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[modern name MURPHY]
EMTRIES DUPLICATED IN LEINSTER KINGS
[MACM141] Labhradh (son of [LEIN141] Breasel Bealach, see LEINSTER KINGS), was King of Leinster.
[MACM151] Enna ceannsalach [=unclean head] married Conang (daughter of Cednathechm the druid, who was slain at Cruchcan Castle 365).
[MACM161] Crimthann MacEnna cennsalach Cass married Mell (daughter of Erebran of the Desies in Munster, who was son of Eoghan Bric, son of Art-Cuirn, son of Fiacha Suighde, son of Felim Rachtar). Crimthann was baptised (c.448) at Rathuilly by St. Patrick. He was King of Leinster for 40 years, and was slain (484) by his grandson Eochaidh Guinech of the Hy-Bairche.
[MACM171] Nathach was baptised in infancy by St. Patrick. He was King of Leinster for 10 years.
[MACM181] Eoghan (Owen) Caoch.
[MACM191] Siollan skinny.
[MACM201] Faelan was King of Leinster for 9 years.
[MACM241] Aodh (Hugh).
[MACM261] Cairbre was slain 876.
[MACM271] Ceneth was King of Leinster for 13 years, and was slain by the Danes of Loch Carmen.
[MACM281] Ceallach was slain at Athcliath (Dublin) by the Ossorians (945).
[MACM291] Donal was King of Leinster for 9 years, and was slain by the Ossorians (974).
[MACM301] Diarmuid was King of Leinster for 13 years, and died 997.
[MACM311] Donoch Maol-na-mBo was King of Leinster for 9 years.
[MACM321] Diarmait Mac Mail na mBo (born c.994) married (c.1013) [BOR2342] Dearbhforgail (Dervorgilla) (born c.994, daughter of King Connchad of Munster, and Monarch of Ireland, see O'BRIEN). He was King of Leinster, and Monarch of Ireland (1042-72), and was slain at Odhba near Navan (23rd February 1072-72).
[MACM331] Murchad [=sea hound/warrior] Mac Diarmait (born c.1014), married 1. ---; then 2. (c.1049) Sabd ingen Mac Bricc (born c.1031, daughter of Mac Bricc). He was King of Leinster (1052-70), invaded Isle of Man (1070), and died at Dublin (21st November 1070).
[MACM341] Donnchadh Mac Murrough (born c.1050, son of Murchad & Sabd) was King of Leinster (1098-1115), and King of Dublin. He married 1. ---; then 2. Orlaith ingen O'Braenain (born c.1065). He was slain at Dublin by Donal O'Brien and the Danes (1115).
[MACM362] Diarmait Mac Murrough (born c.1110, son of Donnchadh & Orlaith) married 1. [OTOL402] Mor (see O'TOOLE); then 2. (1152) Dearbforgail O'Neil). He was King of Leinster (1126-71).
After a long struggle between the O’Brien’s of Munster, the O'Connor's of Connaught and the Mac Lochlainn's from the north, the high-kingship of Ireland was finally won by Muirchertach Mac Lochlainn (1161), a victory which suited Dermod, Mac Lochlainn's ally. But MacLochlainn's death (1166) brought to an end the northern alliance and left the way open for the rise to the high-kingship of King Roderick O'Connor of Connaught, aided by King Tighernan O'Ruairc of Breifni. Both O'Connor and O'Ruairc were enemies of Dermod, and when O'Ruairc advanced into Leinster (late 1166) Dermod was deposed.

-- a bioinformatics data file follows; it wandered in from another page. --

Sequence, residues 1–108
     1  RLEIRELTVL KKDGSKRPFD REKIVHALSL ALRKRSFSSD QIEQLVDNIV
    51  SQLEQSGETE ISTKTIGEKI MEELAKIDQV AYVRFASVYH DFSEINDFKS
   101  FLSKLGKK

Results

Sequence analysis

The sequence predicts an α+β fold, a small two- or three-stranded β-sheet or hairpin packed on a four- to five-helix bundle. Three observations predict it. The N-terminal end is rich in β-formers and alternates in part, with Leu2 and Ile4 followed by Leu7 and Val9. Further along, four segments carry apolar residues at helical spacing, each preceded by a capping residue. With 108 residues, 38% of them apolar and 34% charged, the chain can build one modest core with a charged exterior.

Dermod returned to Ireland (1167) with a small band of Normans, Flemings and Welshmen and earned for himself the epithet Diarmuid-na-nGall [Diarmuid of the foreigners]. He re-established himself in his old territory of Clan Chenselaigh, but little attention was paid to this minor victory.
Dermod renewed his claim to his lost title of King of Leinster. The high-king moved against him and he was defeated. He was allowed to retain Clan Chenselaigh on condition that he recognised O'Connor's supremacy and abandoned his claim on Leinster. O'Ruairc used the occasion to extract an indemnity for the personal injury he had suffered through Dermod eloping with his wife, Dervorgilla.
But Dermod was only biding his time, and in 1168 he went across to England to solicit succour from King Henry II (being entertained on the way at Bristol by Robert, feudal Lord of Berkeley). Further reinforcements came over from Wales (May 1169) under Maurice Prendergast, Hervey de Montmorency and Robert FitzStephen. He once more took to the field, but was again defeated by O'Connor. Following negotiations a treaty led to Dermod being recognised as King of Leinster on the understanding that he recognised O'Connor as high-king, and (in a secret clause) sent his foreign allies back whence they came.
Dermod was no more to be trusted in 1169 than in 1167. He wrote to Richard FitzGilbert de Clare, Earl of Pembroke, urging him to redeem his promise of aid made during the original Norman help (1167). He offered Richard the prospect of succession to the kingdom of Leinster and the high-kingdom of Ireland, though both prospects involved violation of Irish laws of succession. With the permission (afterwards revoked) of King Henry II, Richard de Clare determined to take the chance. He sent Maurice FitzGerald and Raymond Carew to Ireland, and prepared to follow them later. Richard arrived with a strong force (August 1170), and within two days had captured Waterford, and a few days later married Dermod's daughter, Eva. Dublin was captured a month later, where Dermod and Richard appointed Miles de Cogan as its constable.
The high-king then reminded Dermod of his promise at the treaty of 1169. The reply was Dermod's ambition to defeat the Irish armies, overthrow the existing government and win the high-kingship for himself (and thus for his heir, Richard).
Dermod died shortly after at Ferns (1st May 1171), leaving Richard as King of Leinster, and heir to the programme of the complete conquest of Ireland.
[MACM372] Aoife (Eva) (daughter of Dermod & Mor) married (at Waterford Cathedral, August 1170) [PEMB361] Earl Richard (see PEMBROKE (CLARE) EARLDOM).